A personal perpsective of life in our Virginia vineyard... Christine Wells Vrooman



Beware The Lambs Who Think They're Goats!

The saga of my fruit orchard continues, much to my dismay.  I planted an assortment of fruit trees seven years ago in a fenced in area of the sheep pasture.  Fruit trees take approximately three years to produce fruit, so after tending to the trees for two years, the next year I eagerly awaited my first crop of peaches, assorted apples, Asian pears, plums.  Our son had decided we needed a couple of goats.  They do clean up a yard of most wild vegetation, but we didn't know they liked bark of fruit trees!  It was too late before we realized they had gotten into the orchard and chewed the bark from all the fruit trees.  All eight trees; gone. We had heard if you spread melted beeswax on the bare tree it might help.  We tried.  It didn't.  All we got was an exterior cabin wall into which the honeybees would build a new hive.  We had left the unused beeswax on the porch and it must have attracted them. 

And so the next spring I replanted my orchard.  Last year was year three for most of the trees.  We got a good-sized crop of Damson plums and Asian pears, and some Elberta and Red Haven peaches.  The apple trees have had a rough time.  But this year... this would be the year; at long last, for a full crop of precious, organic tree-ripened, sweet, juicy fruit.  I walked into the orchard a couple weeks ago.  I stopped in my tracks.  Why was the bark of the trees such a light color?  What is going on?  I moved closer.  The bark was stripped nearly completely around the Damson plum and the Asian pear.  I looked around and shreds of bark were dangling from the trunks. The peach trees damaged but to a lesser degree.   No.  Tell me it isn't so.  I ran to ask Arnold about it.  He said he'd seen the young sheep climbing up on the fencing around the trees, so he had secured the fencing.  But alas it was too late.  My long-last abundant fruit crop; foiled again!  These young sheep have started being naughty in the vineyard as well, climbing up on the trellis wire.  The mature ewes are grazers; are calm, reliable.  These year old lambs must be feeling their oats.  I haven't quite decided how I will handle them till they settle in like their mothers.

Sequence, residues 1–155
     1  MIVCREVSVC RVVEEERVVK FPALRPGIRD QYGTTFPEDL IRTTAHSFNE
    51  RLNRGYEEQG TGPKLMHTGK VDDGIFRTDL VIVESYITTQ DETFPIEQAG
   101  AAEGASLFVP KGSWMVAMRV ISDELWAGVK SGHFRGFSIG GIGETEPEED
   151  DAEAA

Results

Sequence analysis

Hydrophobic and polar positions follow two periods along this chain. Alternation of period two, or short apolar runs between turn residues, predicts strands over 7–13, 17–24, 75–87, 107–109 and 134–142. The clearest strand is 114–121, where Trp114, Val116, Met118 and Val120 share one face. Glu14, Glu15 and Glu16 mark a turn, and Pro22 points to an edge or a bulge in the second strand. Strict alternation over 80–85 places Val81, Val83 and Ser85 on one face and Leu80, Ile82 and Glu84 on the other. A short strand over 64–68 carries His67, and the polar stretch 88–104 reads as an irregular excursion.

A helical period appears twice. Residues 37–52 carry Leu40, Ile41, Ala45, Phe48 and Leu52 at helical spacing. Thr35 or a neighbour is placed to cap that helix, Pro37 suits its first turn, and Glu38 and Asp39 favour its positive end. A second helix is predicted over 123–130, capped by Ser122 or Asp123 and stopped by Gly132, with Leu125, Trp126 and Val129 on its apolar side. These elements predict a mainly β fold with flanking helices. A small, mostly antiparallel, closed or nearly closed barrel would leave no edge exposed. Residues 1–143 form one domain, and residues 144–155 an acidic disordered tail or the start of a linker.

Was there any hope of saving the trees?  We tried a new concoction this year that I found on the internet.  It is an organic treatment whose recipe consists of equal parts compost, wood ash, and diatomaceous earth, along with a bit of liquid seaweed, all mixed with enough water to form a paste.   We mixed it all in a five gallon bucket, donned some rubber gloves and spread it over the injured areas.  We also pruned way back, the most affected trees, leaving just a bare minimum on the pathetic Damson plum.

I went into the orchard this afternoon and everything is in full bloom, and all the trees have at least some blossoms, even the Damson.  The mixture we applied seems to be holding up. It obviously cannot replace the missing xylem and phloem, those channels under the bark that are the equivalent to our circulatory system.  But it seems to be protecting the exposed areas from pests and disease and helping the plant to heal.  We'll see how many blossoms actually become fruit.... and how many of these lambs grow up to be sheep!! 

Some pix of the trees in bloom tomorrow!

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